Ayurveda belongs to neither a nation nor a religion but to life itself. Ayurveda was revealed to the seers in India thousands of years ago. In a natural environment when goodness reigned supportive to all our life, these seers or rishis came to understand the principles by which health and wellbeing is both created and destroyed at both external and internal levels.

Ayurveda, the science of longevity, promotes health, natural beauty and long life – something that today’s well ness spas seek to offer and consumers are beginning to demand.

When we talk about beauty in the context of Ayurveda, It should be made clear from the start that we are not talking about the market driven ideals of the moment.

In Ayurveda, beauty treatments and products are very specifically proscribed in ancient Ayurvedic texts and the true benefits of such treatments can only be achieved when they are offered in their unadulterated form and only by therapists who are well trained to incorporate all the principles and ethics of the treatment. This is equally true in today’s spa environment.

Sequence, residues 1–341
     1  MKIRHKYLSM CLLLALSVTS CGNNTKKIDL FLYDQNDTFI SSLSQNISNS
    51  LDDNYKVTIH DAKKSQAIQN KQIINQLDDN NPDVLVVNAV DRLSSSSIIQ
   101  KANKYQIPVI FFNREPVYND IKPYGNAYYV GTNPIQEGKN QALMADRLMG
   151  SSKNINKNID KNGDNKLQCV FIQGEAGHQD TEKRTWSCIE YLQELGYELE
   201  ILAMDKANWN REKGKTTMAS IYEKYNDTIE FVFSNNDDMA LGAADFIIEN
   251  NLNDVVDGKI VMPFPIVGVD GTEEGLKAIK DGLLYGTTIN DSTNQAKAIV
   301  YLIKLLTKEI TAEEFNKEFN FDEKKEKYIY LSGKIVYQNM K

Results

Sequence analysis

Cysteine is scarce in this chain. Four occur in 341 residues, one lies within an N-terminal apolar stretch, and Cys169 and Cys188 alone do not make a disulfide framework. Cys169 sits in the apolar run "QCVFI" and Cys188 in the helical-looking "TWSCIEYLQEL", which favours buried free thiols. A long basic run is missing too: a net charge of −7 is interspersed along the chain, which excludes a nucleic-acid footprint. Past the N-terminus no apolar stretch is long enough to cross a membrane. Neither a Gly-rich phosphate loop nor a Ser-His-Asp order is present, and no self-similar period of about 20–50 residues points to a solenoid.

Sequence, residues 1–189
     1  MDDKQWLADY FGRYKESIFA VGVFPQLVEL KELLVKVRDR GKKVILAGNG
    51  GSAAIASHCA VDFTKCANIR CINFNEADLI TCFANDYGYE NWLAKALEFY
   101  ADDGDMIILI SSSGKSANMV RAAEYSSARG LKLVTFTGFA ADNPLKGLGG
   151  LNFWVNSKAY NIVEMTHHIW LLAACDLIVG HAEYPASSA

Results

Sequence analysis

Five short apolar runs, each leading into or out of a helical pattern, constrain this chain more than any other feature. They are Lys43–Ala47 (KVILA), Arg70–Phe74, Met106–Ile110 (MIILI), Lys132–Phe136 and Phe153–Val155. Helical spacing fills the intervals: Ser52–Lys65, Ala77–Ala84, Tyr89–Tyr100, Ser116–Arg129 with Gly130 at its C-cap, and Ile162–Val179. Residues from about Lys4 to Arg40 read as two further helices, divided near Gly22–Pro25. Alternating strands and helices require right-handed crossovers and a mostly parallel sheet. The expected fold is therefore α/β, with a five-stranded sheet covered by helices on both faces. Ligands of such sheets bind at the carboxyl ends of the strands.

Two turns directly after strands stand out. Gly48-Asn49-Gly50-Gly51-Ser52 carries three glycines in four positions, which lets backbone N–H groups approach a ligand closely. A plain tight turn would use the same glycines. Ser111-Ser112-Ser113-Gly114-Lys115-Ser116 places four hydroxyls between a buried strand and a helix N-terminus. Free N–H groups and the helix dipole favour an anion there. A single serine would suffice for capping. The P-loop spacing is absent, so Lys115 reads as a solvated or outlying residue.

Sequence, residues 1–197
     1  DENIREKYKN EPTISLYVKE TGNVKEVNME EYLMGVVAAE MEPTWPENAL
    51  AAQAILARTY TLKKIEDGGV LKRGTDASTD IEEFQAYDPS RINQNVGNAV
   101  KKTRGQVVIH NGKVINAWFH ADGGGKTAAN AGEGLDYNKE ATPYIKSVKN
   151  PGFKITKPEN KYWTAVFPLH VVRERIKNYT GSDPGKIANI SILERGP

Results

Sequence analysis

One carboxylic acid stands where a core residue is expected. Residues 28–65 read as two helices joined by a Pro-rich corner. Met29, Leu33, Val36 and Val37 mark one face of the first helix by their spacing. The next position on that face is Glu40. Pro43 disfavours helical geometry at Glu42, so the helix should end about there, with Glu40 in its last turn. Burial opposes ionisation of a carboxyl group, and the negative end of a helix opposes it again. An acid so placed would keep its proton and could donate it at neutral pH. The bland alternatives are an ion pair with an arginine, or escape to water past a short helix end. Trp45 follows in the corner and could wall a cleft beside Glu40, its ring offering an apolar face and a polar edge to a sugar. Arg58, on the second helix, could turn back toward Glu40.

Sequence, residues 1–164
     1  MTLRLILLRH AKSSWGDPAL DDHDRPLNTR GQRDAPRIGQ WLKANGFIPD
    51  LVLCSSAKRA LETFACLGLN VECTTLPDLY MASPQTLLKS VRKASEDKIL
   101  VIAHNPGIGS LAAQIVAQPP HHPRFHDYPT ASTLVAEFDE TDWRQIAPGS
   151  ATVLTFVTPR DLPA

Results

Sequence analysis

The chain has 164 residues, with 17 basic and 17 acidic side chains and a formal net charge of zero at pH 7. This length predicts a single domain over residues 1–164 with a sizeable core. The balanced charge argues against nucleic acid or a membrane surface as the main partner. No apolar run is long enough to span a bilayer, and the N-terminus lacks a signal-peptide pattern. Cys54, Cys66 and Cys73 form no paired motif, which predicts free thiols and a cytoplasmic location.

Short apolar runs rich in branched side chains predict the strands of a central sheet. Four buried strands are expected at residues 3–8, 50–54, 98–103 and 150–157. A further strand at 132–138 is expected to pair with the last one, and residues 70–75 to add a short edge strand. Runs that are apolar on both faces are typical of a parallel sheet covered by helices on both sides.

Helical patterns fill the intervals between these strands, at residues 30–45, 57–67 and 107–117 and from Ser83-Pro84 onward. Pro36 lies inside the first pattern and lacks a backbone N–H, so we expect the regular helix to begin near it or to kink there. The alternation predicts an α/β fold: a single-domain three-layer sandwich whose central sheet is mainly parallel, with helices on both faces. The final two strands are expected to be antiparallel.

According to Ayurveda, inner and outer beauty is intimately related. The more we nurture ourselves, the more radiant we become physically and expressively, regardless of our particular body shape or constitution.

Ayurveda has much to offer the wellness spa industry. Spa – style Ayurvedic body care programmes structured by qualified Ayurvedic doctors and spa consultants are both blissful to receive and effective at relieving many of today’s stress – related conditions. In addition, the ambience Ayurvedic concepts inspire in a spa’s interior design creates a calm and peaceful, atmosphere, which spurs customers to come again and again.